In some trusts nearly 12% of NHS staff face the sack over mandatory Covid vaccine push from the government in just 2 week’s time.
All frontline workers who have not yet had their COVID-19 vaccination will be called forward for formal meetings from the 4th of February and warned that they face dismissal.
NHS England released guidance stating that notices will be issued from that day. March 31st has been marked as the end of notice period. This means that all frontline NHS staff will be required to have both doses of the Covid jab by April the 1st, meaning that they must have received their 1st dose by February the 3rd.
NHS managers have been told that they are allowed to redeploy any unvaccinated medics from their frontline positions into roles that don’t involve direct contact with patients.
However, NHS bosses will not have to help staff find suitable employment elsewhere. Any members of staff who are dismissed will not be entitled to redundancy payouts due to their position remaining available after their dismissal.
The document released to NHS staff states: ‘It is important to note this is not a redundancy exercise.
‘In the context of the regulations, there is no diminishment or cessation of work of a particular kind.
‘Employers will not be concerned with finding “suitable alternative employment” and there will be no redundancy entitlements, including payments, whether statutory or contractual, triggered by this process.’
6% of the entire NHS workforce is still unvaccinated. The government’s own estimations suggest that the decision could lead to 73,000 workers leaving the National Health Service.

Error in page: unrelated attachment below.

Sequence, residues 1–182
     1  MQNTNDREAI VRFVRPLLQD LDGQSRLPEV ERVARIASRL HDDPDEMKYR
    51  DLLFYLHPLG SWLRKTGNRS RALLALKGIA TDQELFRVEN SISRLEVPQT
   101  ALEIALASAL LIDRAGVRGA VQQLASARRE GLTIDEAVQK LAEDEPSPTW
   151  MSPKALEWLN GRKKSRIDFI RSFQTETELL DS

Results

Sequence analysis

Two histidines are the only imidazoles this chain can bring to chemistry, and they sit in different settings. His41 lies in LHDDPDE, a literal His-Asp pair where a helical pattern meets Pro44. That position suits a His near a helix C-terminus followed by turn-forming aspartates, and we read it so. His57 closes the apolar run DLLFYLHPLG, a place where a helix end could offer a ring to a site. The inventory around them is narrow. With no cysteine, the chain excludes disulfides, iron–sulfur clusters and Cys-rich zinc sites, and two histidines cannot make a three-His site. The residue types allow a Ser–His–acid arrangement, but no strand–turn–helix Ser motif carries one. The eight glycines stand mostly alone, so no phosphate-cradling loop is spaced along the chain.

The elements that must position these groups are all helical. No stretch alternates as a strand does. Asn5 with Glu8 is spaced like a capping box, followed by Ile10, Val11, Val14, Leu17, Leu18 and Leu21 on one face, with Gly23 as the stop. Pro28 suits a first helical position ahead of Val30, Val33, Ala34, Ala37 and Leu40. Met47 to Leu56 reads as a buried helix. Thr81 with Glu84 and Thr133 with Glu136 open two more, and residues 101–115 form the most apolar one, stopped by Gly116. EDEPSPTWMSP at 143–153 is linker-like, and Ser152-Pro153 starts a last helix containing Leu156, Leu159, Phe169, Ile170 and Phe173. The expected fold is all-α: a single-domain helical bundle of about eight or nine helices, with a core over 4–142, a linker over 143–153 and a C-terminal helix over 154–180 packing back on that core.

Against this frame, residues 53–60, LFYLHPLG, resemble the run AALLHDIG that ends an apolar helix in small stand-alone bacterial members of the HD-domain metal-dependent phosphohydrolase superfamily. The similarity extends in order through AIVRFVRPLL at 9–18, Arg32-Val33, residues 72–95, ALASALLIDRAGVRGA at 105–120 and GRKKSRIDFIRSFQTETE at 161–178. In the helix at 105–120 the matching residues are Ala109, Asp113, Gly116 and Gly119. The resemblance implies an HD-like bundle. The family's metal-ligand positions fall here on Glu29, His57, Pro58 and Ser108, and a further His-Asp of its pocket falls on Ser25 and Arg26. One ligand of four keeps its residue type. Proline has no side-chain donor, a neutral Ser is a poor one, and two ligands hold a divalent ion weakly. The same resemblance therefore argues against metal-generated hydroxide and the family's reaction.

Many health service worker unions have stated that going forward with ‘no jab, no job’ policy goes ahead in April will have a disastrous impact on the health service. The social care sector faced similar rules back in November.
12 per cent of staff in some trusts have not been vaccinated, according to NHS figures.
This means that come the rule change, many hospitals face the prospect of losing more than 1 in ten workers if they do not take the vaccine over the coming fortnight. 30 NHS trusts with the lowest uptake of the vaccine among staff are all situated throughout London and Birmingham.
NHS organisations have also been warned they should tell regulators if they discover any areas where staffing shortages will result in threat to patient safety.
Any staff who are vaccinated will be asked to provide proof of their status via their Covid pass or evidence of medical exemption.
The same policy was pushed through to the social care sector in November, it is estimated that nearly 60,000 workers were still to be vaccinated at that point.
Social care chiefs gave warnings that the move would cripple the already struggling sector, causing deaths amongst residence in homes with ‘unsafe’ staff levels.
The NHS warned that many beds were filled with patients who were deemed medically fit to leave however, could not be due to the wait on social care support.
There has been calls from The Trades Union Congress (TUC) to delay the policy change immediately to avoid shortages amongst key workers.
It said the NHS ‘cannot afford to lose experienced and skilled staff’.